I've seen a lot of interesting "about writing" content lately that warrants posting on so... here's the posting on.
Lengthiest piece was "The Big Book" for Esquire by Chris Jones on author Robert Caro. Written in advance of Caro's The Passage of Power: The Years of Lyndon Johnson (his 4th of 5 planned volumes on the 36th President), the piece details Caro and his writing process. It's an excellent feature from Jones and the depiction of Caro is of someone who puts an almost obsessive amount of work into his reporting and seems to build a story brick by brick (with lots of outlining), rather than just "plopping down at the typewriter and letting magical prose flow". To this idea, a quote from Caro in the Jones piece is "you feel almost like a cabinetmaker, laying planks. There's a real feeling when you know you're getting it right. It's a physical feeling."
It was very cool stuff that emphasized for me the methodical labor involved in solid writing and Jones spoke of that and other thoughts on his piece in a Q&A with Jones for the blog TVFury. Also interesting from the profile on Caro was significant mention of the other people involved in the book process. From the publisher to the editor and book designer, there's a lot to it and Jones provides fascinating content around everything involved.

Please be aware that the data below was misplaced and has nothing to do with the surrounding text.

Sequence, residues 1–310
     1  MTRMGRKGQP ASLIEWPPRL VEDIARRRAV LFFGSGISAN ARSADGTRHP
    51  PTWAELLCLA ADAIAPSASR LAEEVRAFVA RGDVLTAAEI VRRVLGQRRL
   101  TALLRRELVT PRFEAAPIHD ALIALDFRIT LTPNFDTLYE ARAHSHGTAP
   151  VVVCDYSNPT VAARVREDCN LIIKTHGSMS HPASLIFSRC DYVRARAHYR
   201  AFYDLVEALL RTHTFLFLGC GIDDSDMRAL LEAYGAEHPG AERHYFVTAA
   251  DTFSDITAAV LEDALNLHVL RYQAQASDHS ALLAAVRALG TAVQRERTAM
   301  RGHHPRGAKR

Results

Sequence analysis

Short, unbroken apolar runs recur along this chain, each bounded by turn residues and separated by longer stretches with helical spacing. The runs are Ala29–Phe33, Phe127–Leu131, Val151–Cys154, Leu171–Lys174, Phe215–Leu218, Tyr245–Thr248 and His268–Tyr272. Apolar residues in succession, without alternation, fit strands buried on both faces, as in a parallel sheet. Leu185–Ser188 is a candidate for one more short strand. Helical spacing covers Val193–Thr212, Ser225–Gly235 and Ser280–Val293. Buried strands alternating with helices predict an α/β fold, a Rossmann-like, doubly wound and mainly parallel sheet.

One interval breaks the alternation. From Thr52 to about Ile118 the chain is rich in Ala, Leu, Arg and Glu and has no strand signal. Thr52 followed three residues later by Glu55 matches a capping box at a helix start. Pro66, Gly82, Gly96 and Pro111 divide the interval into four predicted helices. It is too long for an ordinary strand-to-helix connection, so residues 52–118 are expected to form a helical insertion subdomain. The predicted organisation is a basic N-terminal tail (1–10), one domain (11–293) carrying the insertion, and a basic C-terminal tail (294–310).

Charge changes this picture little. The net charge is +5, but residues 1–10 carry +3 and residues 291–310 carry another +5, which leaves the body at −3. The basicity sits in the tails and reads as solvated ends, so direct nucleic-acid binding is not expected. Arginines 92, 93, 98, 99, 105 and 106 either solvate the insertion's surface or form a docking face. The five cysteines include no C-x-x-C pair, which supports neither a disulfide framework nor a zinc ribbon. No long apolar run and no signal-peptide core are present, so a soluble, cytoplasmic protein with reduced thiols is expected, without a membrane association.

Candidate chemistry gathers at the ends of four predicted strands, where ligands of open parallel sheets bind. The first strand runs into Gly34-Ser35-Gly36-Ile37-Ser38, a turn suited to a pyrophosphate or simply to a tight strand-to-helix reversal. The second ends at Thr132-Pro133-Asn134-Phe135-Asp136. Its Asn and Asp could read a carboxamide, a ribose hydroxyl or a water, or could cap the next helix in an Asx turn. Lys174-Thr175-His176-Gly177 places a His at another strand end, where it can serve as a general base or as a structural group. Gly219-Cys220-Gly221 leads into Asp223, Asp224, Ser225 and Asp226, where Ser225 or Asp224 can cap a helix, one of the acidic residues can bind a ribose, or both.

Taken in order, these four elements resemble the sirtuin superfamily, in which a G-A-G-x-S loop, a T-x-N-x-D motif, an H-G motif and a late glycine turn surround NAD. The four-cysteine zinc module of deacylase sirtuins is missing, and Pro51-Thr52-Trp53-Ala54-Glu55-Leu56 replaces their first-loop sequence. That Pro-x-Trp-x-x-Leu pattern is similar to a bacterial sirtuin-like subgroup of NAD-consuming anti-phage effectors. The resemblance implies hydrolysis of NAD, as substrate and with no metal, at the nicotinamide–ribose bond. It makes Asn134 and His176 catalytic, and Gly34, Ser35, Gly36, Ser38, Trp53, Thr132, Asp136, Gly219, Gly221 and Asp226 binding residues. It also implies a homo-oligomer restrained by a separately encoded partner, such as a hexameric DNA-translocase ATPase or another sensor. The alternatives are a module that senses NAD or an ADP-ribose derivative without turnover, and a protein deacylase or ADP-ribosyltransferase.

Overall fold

Two other writer pieces I've seen recently echo the same idea put forth by Jones on Caro about the efforts and steps needed write great content. Published by Texas Monthly, "A Lifetime of Achievement for Gary Cartwright" has a transcript of Cartwright accepting an award in his home state and features some solid words from the author. Of particular profundity was his statement that reminded me of that by Chris Ballard on the importance of writing things down immediately (from a Brandon Sneed interview)...
"Okay, say some thought or notion or wild dance of words pops into your head. If the moment makes you smile or in any way causes blood to rush to your brain, stop what you’re doing, take a shot of whisky, and write it down. Never mind that the odds of it being anything important are so staggeringly lopsided that only a crazy person would bother recording it. Having written it down, you will not be able to resist tinkering with the words, moving them about, standing them on their heads, turning them inside out until the combination seems satisfactory and maybe even pregnant with possibilities. At this point you will begin to wonder if it’s too early to make hotel and airline reservations to the National Book Awards. But first there is the problem of a second sentence. So you focus again on the task at hand and think of another batch of words. After a while, the process takes hold."
Final writer wisdom piece to mention here was "Bronx Banter Interview: Mark Kram Jr." It's a Q&A of Kram with Alex Belth and vividly shows the amount of work Kram put into reporting his recently published Like Any Normal Day: A Story of Devotion biography of now deceased Buddy Miley. Moral I took from this is there's not always a guarantee of the outcome whilst you're putting in the work, but if the work doesn't get put in, it's a guarantee to have nothing at the end.